Carter Healthcare Affiliates and Two Senior Managers to Pay $7.175 Million to Resolve False Claims Act Allegations for False Florida Home Health Billings

Carter Healthcare LLC, an Oklahoma-based for-profit home health provider, its affiliates CHC Holdings and Carter-Florida (collectively Carter Healthcare), and their President Stanley Carter and Chief Operations Officer Bradley Carter have agreed to pay $7.175 million to resolve allegations that they violated the False Claims Act by billing the Medicare program for medically unnecessary therapy provided to patients in Florida. Bradley Carter will pay $175,000, Stanley Carter will pay $75,000, and Carter Healthcare will pay the remaining $6.925 million of the settlement. 

Between 2014 and 2016, Carter Healthcare allegedly billed the Medicare Program knowingly and improperly for home healthcare to patients in Florida based on therapy provided without regard to medical necessity and overbilled for therapy by upcoding patients’ diagnoses. 

“Payment under Medicare for home health care is permitted only for those who provide medically necessary services to eligible beneficiaries,” said Principal Deputy Assistant Attorney General Brian M. Boynton, head of the Department of Justice’s Civil Division. “As this settlement demonstrates, the Department is committed to ensuring that providers bill only for appropriate procedures and amounts.”

“Medicare fraud costs our taxpayers billions annually,” said U.S. Attorney Juan Antonio Gonzalez Attorney for the Southern District of Florida. “These overpayments drain the Medicare trust fund and unfairly raise the premiums our senior citizens must pay. We take this fraudulent activity very seriously and will continue to prosecute it to the fullest extent of the law.”

“This settlement is a stark reminder to home health providers that our agents are working tirelessly with the Department of Justice to pursue providers that inappropriately bill federal health care programs to boost profits, as alleged here,” said Special Agent in Charge Omar Pérez Aybar of the Department of Health and Human Services Office of Inspector General (HHS OIG), Miami Regional Office. “Our agency will not hesitate to investigate such allegations to protect federal health care programs and the patients served by these programs.”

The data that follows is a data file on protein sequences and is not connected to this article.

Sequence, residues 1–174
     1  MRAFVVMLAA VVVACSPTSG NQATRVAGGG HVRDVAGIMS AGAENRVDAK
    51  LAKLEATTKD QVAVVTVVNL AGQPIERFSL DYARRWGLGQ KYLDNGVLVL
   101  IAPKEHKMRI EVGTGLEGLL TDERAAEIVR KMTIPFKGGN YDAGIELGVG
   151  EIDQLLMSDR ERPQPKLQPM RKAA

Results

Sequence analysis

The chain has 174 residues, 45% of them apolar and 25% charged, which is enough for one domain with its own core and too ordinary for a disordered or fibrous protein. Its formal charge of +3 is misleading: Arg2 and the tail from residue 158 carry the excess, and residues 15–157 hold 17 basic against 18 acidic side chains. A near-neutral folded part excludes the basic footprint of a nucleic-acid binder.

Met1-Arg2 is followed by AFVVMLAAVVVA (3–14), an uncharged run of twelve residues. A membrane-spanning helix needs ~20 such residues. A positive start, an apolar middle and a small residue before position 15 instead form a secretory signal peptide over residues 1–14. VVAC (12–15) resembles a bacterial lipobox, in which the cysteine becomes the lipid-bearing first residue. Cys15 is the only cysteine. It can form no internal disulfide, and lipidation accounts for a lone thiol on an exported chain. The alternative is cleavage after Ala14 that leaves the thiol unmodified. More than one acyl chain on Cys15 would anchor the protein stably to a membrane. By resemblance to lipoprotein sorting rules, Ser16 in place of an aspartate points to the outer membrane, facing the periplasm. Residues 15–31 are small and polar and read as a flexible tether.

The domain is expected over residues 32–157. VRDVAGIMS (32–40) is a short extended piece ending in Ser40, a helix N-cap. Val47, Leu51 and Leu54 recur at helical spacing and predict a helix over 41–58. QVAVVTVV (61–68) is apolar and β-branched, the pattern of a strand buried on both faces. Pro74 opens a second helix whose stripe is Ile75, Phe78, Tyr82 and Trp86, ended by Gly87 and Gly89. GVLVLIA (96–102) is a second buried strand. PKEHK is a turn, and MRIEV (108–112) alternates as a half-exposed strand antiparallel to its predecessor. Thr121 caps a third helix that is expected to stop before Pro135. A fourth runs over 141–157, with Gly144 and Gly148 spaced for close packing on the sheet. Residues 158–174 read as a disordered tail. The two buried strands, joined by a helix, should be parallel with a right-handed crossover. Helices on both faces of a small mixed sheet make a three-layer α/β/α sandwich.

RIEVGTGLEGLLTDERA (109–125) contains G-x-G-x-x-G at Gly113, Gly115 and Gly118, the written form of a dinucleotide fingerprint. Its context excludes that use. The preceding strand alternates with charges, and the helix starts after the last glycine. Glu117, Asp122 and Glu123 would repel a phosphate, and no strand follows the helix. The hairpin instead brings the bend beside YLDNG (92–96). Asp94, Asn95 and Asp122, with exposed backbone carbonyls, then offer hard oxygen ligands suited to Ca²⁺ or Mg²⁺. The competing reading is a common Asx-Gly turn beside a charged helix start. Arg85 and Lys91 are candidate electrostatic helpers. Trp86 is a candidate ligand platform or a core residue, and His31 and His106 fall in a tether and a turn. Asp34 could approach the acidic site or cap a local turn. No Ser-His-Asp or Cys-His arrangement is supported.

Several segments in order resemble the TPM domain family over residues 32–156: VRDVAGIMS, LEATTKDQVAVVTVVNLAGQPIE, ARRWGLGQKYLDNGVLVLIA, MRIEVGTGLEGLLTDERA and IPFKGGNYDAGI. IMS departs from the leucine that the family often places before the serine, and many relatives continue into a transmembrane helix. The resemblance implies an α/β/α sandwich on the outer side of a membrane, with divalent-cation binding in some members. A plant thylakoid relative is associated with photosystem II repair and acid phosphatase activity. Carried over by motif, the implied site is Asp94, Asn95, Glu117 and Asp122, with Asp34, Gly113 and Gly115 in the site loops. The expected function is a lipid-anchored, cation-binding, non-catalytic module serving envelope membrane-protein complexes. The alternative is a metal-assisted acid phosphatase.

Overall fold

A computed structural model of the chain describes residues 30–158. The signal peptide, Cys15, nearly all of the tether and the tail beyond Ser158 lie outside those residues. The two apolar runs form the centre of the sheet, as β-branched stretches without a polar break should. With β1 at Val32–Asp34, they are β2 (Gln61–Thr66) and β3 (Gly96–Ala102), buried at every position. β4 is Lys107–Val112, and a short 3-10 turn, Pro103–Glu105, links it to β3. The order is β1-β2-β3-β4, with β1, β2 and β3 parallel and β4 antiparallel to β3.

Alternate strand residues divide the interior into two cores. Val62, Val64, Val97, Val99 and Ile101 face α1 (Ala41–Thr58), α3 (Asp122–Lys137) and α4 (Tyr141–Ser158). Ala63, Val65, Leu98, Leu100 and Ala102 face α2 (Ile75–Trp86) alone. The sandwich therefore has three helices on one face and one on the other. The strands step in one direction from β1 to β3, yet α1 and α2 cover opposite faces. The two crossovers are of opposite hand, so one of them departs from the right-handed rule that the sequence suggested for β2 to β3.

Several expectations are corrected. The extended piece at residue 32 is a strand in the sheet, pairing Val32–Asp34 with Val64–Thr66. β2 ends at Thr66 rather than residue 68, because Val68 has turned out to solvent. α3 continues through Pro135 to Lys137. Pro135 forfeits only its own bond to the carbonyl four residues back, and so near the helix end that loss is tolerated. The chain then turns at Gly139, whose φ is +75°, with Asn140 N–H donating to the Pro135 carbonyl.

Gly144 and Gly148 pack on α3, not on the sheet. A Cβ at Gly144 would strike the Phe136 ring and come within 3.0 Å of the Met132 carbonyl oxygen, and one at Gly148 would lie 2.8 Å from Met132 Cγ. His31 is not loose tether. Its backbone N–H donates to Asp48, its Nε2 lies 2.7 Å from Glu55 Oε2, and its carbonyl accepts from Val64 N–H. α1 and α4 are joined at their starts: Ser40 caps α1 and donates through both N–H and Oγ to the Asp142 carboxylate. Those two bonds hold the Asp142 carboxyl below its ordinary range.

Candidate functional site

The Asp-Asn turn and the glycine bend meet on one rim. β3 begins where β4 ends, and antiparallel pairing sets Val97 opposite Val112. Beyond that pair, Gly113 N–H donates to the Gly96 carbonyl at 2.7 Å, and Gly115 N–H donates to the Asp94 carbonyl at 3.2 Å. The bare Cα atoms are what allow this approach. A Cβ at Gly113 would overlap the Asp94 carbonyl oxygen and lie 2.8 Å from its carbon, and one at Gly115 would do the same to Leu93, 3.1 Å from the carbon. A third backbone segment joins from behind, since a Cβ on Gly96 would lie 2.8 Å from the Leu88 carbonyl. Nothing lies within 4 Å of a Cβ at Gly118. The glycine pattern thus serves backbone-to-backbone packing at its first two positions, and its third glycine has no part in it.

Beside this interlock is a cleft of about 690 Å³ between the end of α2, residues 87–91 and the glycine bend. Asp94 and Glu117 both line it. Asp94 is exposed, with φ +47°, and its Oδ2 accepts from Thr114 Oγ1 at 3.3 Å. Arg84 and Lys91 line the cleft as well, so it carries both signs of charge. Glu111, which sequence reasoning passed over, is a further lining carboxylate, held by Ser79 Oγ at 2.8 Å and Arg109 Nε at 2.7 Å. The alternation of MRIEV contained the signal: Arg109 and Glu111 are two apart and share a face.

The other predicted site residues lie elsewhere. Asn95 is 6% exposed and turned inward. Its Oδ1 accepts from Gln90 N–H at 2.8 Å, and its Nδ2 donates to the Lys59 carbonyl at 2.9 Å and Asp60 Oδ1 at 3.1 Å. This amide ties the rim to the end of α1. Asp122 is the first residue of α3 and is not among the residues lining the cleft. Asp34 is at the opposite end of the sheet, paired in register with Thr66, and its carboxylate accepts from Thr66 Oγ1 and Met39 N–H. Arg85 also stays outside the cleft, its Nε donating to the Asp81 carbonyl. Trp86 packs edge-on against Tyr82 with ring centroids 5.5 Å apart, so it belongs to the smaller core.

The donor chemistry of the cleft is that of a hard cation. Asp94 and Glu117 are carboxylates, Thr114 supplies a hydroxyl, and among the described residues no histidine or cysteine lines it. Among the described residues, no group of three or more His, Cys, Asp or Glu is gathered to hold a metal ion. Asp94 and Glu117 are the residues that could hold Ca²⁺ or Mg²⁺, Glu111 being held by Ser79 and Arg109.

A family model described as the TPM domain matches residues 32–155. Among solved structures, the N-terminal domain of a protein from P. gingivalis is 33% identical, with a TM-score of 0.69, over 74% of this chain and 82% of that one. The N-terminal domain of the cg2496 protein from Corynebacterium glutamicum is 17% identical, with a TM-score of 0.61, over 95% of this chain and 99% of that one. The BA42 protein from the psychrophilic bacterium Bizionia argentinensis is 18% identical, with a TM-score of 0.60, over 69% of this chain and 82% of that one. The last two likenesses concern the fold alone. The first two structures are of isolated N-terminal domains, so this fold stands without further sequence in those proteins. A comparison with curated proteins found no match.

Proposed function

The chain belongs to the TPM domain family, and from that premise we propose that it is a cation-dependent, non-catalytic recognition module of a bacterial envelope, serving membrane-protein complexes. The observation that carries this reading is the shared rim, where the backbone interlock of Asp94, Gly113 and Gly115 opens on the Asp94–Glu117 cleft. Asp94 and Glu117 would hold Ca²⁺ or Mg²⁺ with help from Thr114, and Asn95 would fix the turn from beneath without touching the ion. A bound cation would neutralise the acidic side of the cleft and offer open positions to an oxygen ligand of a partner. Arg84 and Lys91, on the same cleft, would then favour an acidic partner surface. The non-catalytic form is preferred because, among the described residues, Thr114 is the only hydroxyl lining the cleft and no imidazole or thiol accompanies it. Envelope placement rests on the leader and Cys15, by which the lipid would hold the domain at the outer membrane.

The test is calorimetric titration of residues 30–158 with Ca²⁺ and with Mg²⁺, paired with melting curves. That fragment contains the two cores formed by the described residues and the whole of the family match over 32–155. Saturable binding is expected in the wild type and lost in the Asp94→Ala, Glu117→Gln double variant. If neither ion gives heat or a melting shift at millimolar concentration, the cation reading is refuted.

Both Stanley Carter and Bradley Carter agreed to be excluded from participation in all Federal health care programs for a period of five years pursuant to 42 U.S.C. § 1320a-7(b)(7), the statutory authority to exclude from federal health programs individuals or entities who engaged in fraud or kickbacks.

Carter Healthcare also agreed to be bound by the terms of a corporate integrity agreement with the Department of Health and Human Services – Office of Inspector General that requires the company to implement compliance measures designed to avoid or promptly detect conduct similar to that which gave rise to the settlement.  

The settlement includes the resolution of an action brought by Sharon Mahaffey and Mark Brimer, therapists formerly employed by Carter Healthcare, under the qui tam or whistleblower provisions of the False Claims Act. These provisions permit a private party to file an action on behalf of the United States for false claims and receive a portion of any recovery. The case is captioned U.S. ex rel. Mahaffey and Brimer v. Carter Healthcare, Stanley Carter and Brad Carter, CV 16-80459 MARRA (S.D. Fla.). Mahaffey and Brimer will together receive $1.3 million as their share of the settlement.  

Contemporaneous with the settlement announced today, Carter Healthcare has agreed to pay an additional $22,948,004.54 to resolve another qui tam action captioned U.S. ex rel. Duffield et al. v. CHC Holdings, LLC et al., Case No. 17-CV-826-HE (W.D. Okla.), brought in the Western District of Oklahoma, which alleged that Carter Healthcare improperly paid remuneration to its home health medical directors in Oklahoma and Texas for the purpose of inducing referrals of Medicare and TRICARE home health patients between 2013 and 2020. 

The government’s resolution of this matter illustrates the government’s emphasis on combating health care fraud. One of the most powerful tools in this effort is the False Claims Act. Tips and complaints from all sources about potential fraud, waste, abuse and mismanagement, can be reported to the Department of Health and Human Services (HHS), at 800-HHS-TIPS (800-447-8477).

The United States’ investigation of this matter was handled by the Civil Division’s Commercial Litigation Branch, the U.S. Attorney’s Office for the Southern District of Florida and the U.S. Department of Health and Human Services Office of Inspector General. 

Trial Attorney Gregory Mason of the Civil Division’s Fraud Section and Assistant U.S. Attorneys James A. Weinkle and John Spaccarotella for the Southern District of Florida handled the matter. 

The claims resolved by the settlement are allegations only, and there has been no determination of liability.  

Carter Healthcare, False Claims Act, Medicare Program, settlement

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